Parent attendance at these showcases strengthens the home-school bond and allows for connection with teachers and other parents, as well as the celebration of student achievement.

The Fifth Grade Egg Drop, a beloved Lower School tradition.

Enrichment for Grades 4 and 5

Fourth and fifth grade students come together around different activities and explore interests in common. Lower School Enrichment is presented by teachers free of charge. Students choose from a variety of offerings such as ukulele, Girls on the Run, knitting and crocheting, make your own board game, and many more. Enrichment sessions happen each week over a period of several weeks. Enrichment offers the opportunity to meet different teachers, form or solidify friendships with children in a different grade, and to try something new. 

The Parent Community and Social Opportunities for Parents

The PC Parent Community helps to make the Penn Charter experience engaging and meaningful for parents and families. The group creates opportunities for parents to engage with the life of the school in ways that suit PC parents' individual schedules and interests. Parent socials are come-as-you-are pop-ins, like the Drop-and-Stops on the first days of school or scheduled evening social events. Parents can volunteer to run an event, attend a parent-to-parent workshop on flower arranging or auto mechanics, or stop in to drop off a plate of cookies for a bake sale. Whatever your interest, talent or time, there's a place for you at Penn Charter. Learn more about the Parent Community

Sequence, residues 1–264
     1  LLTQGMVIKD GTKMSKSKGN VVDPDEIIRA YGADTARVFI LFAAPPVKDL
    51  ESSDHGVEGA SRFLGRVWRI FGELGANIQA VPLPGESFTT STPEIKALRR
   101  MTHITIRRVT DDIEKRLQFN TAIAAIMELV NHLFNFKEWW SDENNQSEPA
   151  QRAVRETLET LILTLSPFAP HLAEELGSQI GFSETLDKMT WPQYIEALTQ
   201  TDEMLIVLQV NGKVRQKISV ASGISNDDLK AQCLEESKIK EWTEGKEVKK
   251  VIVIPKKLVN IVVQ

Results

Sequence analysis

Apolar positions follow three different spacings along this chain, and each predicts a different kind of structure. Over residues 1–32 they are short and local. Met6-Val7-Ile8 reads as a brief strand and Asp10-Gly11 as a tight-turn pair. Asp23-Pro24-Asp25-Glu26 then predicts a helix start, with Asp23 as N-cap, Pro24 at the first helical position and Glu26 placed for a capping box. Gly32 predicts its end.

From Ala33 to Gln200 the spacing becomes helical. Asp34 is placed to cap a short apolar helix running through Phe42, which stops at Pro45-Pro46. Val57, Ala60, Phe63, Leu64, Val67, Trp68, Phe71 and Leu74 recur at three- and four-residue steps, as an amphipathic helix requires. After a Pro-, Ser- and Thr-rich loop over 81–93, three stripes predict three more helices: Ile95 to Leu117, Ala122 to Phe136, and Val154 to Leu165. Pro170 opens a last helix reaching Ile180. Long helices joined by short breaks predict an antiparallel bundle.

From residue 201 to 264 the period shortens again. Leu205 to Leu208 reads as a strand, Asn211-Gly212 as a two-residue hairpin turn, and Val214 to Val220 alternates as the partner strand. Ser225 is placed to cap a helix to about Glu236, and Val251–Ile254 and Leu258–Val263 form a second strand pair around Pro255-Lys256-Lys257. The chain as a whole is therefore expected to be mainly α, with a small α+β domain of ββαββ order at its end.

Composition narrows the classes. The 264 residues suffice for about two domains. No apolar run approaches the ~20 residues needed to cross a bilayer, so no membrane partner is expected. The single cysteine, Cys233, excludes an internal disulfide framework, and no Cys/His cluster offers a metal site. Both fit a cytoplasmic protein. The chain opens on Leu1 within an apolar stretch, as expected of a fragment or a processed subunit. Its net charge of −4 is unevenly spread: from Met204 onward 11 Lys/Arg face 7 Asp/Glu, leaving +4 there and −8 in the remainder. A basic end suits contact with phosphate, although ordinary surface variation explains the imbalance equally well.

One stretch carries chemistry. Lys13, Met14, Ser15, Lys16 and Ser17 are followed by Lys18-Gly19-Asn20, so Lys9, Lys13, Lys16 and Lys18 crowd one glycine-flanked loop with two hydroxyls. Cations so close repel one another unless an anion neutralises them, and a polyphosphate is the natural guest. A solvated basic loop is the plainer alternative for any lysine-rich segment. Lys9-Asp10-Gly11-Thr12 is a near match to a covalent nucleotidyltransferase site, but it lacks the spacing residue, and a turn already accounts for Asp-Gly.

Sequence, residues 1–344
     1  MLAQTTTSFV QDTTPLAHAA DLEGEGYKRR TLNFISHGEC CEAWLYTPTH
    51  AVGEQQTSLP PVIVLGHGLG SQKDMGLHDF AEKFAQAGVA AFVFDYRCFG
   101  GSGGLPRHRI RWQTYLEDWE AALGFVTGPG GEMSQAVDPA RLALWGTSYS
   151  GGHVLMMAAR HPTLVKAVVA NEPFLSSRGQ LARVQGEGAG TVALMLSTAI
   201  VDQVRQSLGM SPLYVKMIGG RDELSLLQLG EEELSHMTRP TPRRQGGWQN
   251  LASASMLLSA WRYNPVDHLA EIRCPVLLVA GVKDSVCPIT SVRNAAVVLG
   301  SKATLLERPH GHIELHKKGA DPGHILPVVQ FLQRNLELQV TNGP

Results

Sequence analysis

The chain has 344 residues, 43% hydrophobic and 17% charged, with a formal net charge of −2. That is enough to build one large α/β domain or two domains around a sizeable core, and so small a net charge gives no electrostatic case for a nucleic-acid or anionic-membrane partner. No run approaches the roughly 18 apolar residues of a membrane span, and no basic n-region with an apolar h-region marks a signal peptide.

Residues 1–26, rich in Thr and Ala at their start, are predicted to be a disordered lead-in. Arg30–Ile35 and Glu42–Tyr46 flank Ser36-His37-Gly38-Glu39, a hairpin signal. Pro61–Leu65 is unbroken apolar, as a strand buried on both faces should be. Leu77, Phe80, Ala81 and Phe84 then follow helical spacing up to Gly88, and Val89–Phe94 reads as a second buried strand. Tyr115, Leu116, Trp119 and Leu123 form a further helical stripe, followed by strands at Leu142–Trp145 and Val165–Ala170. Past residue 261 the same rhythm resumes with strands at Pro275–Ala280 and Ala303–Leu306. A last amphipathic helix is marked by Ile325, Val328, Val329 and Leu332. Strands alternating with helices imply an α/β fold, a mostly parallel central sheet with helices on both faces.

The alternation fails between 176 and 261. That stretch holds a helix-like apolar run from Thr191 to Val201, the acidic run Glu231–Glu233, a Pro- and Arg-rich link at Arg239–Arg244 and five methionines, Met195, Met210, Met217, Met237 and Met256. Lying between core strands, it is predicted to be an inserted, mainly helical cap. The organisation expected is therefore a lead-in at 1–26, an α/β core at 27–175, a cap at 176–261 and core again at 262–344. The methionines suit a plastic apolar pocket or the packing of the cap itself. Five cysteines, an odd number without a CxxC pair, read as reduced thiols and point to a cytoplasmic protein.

Adults mingle at a party outside

Parent Meeting for Worship

The Parent Community organizes a morning Meeting for Worship in the Meeting Room in Upper School, usually on the first Thursday of each month. Parents are welcome to gather in silence in the manner of Friends (Quakers) for half an hour of worship or reflection, interrupted only if someone is moved to speak. These gatherings offer the opportunity to experience Quaker Meeting, but also to connect with other parents both in Meeting and before or after.

The Parent Community organizes Introduction to Quakerism, a workshop led by the national body Friends Council on Education, to offer education and insight into Meeting for Worship, Quaker practice and values, and Quaker education. Dates of this workshop are announced in Parent Post, PC's weekly e-newsletter sent on Friday mornings.

Lower School Family Visiting Day

Penn Charter welcomes Lower School parents, grandparents and friends to campus for a morning in October. Guests experience a day in the life of their Lower School. This event strengthens the home-school connection, and can be helpful in establishing new jumping-off points for conversations and questions more focused than, "How was your day?"